Smart phones and tablets now account for an increasing percentage of all internet traffic. Oh, you knew that. Do we agree that your site should be optimized for all devices? In this post, I will discuss one design response to this web access evolution.
You probably have a smartphone. You may have a tablet. I bought an iPod Touch three years ago and an iPad in November 2010. When clients and friends question my fascination, I ask, “Do you know anybody who says they regret getting one?” I have written about my adoration here. Top of the list: I prefer to read from my iPad than from my desktop or laptop. (Writing is the reverse.) I expect that we have all adapted to surfing the internet on mobile devices. My client’s websites are all accessible (no Flash here), they are just reduced in size. There could be designs for each device but that would increase the design costs. For the past three years, I don’t think one client has asked about this. When I bring it up, adding a mobile design has been nixed for budgetary reasons.
Now there is a solution and that solution is referred to in the web development community as Responsive Web Design (RWD). Much has been written about it lately. An excellent overview, The Ultimate Responsive Web Design Roundup from Wed Designer Depot, should get you started. I will update this post with pro and con links as I find them.
While there seems to be a huge upside, experience has taught us that there are rarely any Silver Bullets. Will it really be low cost once integrated into my design approach? Does it dictate design or branding solutions? The only way for me to judge this is to dig in. I am starting my first two sites with this approach. I will add updates here as we progress.
I have my prejudices. I like to use WordPress to build websites and I like to host those sites on Bluehost. WordPress uses a database to store most of the website information. I use a plugin to backup that database information once a week. This is a safety measure and it is important to backup the database whenever you upgrade WordPress. If something were to go wrong, like a digital hiccup, the database backup would be there to rebuild your pages and posts.
Now I should point out that in four years of building more than one hundred sites, this has never happened to me. (Thank you Deity of Your Choice! Mine is the Flying Spaghetti Monster.) But what if the hosting server were to malfunction in some horrible way? This has come up in discussions we have had at the New York WordPress MeetUp Group I belong to. Buried in the fine print (which I rarely read) of almost all the hosting plans for small sites, it says that they are not responsible. They, being most web hosts. Again, this has never happened to me, but when someone tells you about how it happened to them, it is very scary as you think of all the hours it would take to rebuild a site. It would be a nightmare on those sites where I have the design on my computer, the client has the photos on his/her computer and we have to use the database to retrieve the blog and page text.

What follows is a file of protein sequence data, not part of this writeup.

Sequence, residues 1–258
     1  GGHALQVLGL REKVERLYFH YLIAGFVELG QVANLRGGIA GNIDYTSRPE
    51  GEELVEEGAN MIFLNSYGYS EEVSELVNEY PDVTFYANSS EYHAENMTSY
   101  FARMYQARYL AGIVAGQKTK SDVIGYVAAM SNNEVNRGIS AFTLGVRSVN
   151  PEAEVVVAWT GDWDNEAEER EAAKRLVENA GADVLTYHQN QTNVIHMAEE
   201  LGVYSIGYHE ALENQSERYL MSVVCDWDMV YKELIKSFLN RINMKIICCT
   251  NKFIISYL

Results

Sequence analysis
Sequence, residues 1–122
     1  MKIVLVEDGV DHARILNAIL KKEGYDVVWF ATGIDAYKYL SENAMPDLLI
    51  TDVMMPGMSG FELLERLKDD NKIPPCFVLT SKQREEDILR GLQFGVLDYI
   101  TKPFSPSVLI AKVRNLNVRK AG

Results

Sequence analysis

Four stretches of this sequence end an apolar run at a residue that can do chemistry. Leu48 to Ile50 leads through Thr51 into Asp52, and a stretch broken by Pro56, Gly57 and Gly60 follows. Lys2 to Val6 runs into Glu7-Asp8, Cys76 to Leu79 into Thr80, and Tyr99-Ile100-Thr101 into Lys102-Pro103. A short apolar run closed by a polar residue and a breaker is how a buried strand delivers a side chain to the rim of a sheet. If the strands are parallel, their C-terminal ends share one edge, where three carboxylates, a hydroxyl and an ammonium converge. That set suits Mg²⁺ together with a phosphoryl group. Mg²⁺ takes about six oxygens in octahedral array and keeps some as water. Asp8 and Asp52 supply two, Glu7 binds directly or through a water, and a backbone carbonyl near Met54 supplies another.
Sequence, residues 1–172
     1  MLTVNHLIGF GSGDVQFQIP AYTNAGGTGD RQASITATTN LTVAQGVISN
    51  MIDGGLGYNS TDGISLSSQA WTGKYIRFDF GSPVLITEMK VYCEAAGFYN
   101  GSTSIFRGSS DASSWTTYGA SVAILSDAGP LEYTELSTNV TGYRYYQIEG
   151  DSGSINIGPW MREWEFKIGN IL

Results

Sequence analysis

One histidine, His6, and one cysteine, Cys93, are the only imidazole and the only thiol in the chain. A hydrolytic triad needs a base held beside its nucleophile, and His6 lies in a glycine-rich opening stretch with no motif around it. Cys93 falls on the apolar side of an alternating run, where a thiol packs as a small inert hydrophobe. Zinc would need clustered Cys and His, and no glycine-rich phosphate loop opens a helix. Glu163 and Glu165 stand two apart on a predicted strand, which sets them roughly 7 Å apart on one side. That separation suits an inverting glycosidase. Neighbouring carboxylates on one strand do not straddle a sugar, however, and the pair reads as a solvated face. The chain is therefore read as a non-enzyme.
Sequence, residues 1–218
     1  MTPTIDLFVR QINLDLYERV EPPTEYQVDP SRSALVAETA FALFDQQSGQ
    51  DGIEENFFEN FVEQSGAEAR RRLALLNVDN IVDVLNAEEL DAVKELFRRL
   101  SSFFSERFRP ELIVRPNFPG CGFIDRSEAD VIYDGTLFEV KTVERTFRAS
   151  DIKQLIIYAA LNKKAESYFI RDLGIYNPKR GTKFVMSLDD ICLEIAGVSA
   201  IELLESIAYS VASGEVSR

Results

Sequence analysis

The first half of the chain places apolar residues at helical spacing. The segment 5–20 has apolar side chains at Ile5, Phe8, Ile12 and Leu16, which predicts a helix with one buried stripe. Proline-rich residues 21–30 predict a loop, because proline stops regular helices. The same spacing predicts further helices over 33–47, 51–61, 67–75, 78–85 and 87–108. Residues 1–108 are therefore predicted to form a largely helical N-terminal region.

Fear not! This Spring Bluehost remedied that by offering a site backup service called Site Backup Pro. It sounded very promising so I first searched to see what opinions others had with Site Backup and found this excellent article by Don Campbell: Backup and Restore Your Website with Bluehost. It even includes a video tutorial by Don.
I was convinced. I signed up and am recommending it to all my clients. Hopefully we will never need to use it, but $13/year is a bargain for this insurance.
For the most part, this blog is directed to my clients, current and future, as well as other designers and developers who share my interests. I began building websites about ten years ago and for the past three years constructing them with WordPress. When not building them, I am reading/watching tutorials and monitoring the uber developers to improve my knowledge and skillz. That would include not just software knowledge f or me but what is available on the web that aids my client’s self promotion. With that in mind, I want to share a couple of “articles” I found this past week that stood out.